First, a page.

Marine Derived Biomaterials for Bone Regeneration and Tissue Engineering: Learning from Nature

  • Besim Ben-NissanEmail author
  • Andy H. Choi
  • David W. Green
Part of the Springer Series in Biomaterials Science and Engineering book series (SSBSE, volume 14)


Marine structures, biogenic materials, and biomimetic approaches applied to the fabrication of advanced biomaterials and implants are used to address the shortcomings of existing scaffold designs that are biologically un-responsive throughout the regeneration process and lack necessary versatility. Bioactive ceramics converted from biostructures or natural marine-based materials such as corals, sea urchin, sponges and shells are being designed into functional scaffolds that can adapt and evolve to changing environment during regeneration process. They can regulate cell responses at nanostructured surfaces, and as modules for self-assembling by the patient’s own cells and as smart devices that possess tissue specific homing capabilities. These natural structures can be converted to bioactive ceramics such as hydroxyapatite to assist osseointegration. This chapter covers biomimicry, evolution of marine structures, and their specific use and current research on natural materials such as coral, sponge, sea urchin, sponge nacre, and foraminifera as models and raw materials for bioactive bone scaffolding materials and tissue engineering.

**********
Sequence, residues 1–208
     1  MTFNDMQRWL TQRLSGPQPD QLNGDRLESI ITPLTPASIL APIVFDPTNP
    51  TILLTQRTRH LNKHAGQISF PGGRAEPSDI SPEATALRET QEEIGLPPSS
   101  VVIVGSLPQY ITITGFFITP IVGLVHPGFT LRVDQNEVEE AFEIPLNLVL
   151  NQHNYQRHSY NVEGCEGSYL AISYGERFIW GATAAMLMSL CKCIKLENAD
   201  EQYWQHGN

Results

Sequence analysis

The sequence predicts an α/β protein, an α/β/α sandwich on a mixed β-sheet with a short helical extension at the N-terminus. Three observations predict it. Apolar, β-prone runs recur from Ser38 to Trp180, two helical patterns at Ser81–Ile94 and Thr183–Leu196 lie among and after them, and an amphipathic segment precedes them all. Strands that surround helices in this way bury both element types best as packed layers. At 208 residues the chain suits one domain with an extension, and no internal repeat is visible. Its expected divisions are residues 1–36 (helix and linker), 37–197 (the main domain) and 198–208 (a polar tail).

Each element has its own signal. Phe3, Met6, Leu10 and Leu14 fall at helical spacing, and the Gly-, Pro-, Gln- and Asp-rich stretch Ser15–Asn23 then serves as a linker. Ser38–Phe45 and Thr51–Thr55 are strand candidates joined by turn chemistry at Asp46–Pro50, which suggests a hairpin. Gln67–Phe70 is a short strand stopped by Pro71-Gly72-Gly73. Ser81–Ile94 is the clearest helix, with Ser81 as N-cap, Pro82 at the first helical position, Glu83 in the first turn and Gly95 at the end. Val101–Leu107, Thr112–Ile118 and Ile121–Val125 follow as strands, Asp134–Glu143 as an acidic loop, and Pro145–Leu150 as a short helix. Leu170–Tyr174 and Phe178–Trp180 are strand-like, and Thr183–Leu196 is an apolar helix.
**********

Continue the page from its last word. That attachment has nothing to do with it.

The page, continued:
Marine structures Hydroxyapatite Bioactive Biogenic Biomimetics Coral Nacre Bone grafts Scaffolding 



I would like to sincerely thank Dr. David W. Green, Dr. Innocent Macha, Dr. Jimmy Hu, Prof. Faik Oktar and Associate Profs. Sophie Cazelbou and Sibel Akyol and a large number of our students and postdocs that contributed to research in marine materials and their application in the medical field.


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Copyright information

© This is a U.S. government work and not under copyright protection in the U.S.; foreign copyright protection may apply 2019

Authors and Affiliations

  • Besim Ben-Nissan
    • 1
    Email author
  • Andy H. Choi
    • 1
  • David W. Green
    • 1
  1. 1.School of Life Sciences, Biomaterials and Advanced Tissue EngineeringUniversity of Technology SydneySydneyAustralia

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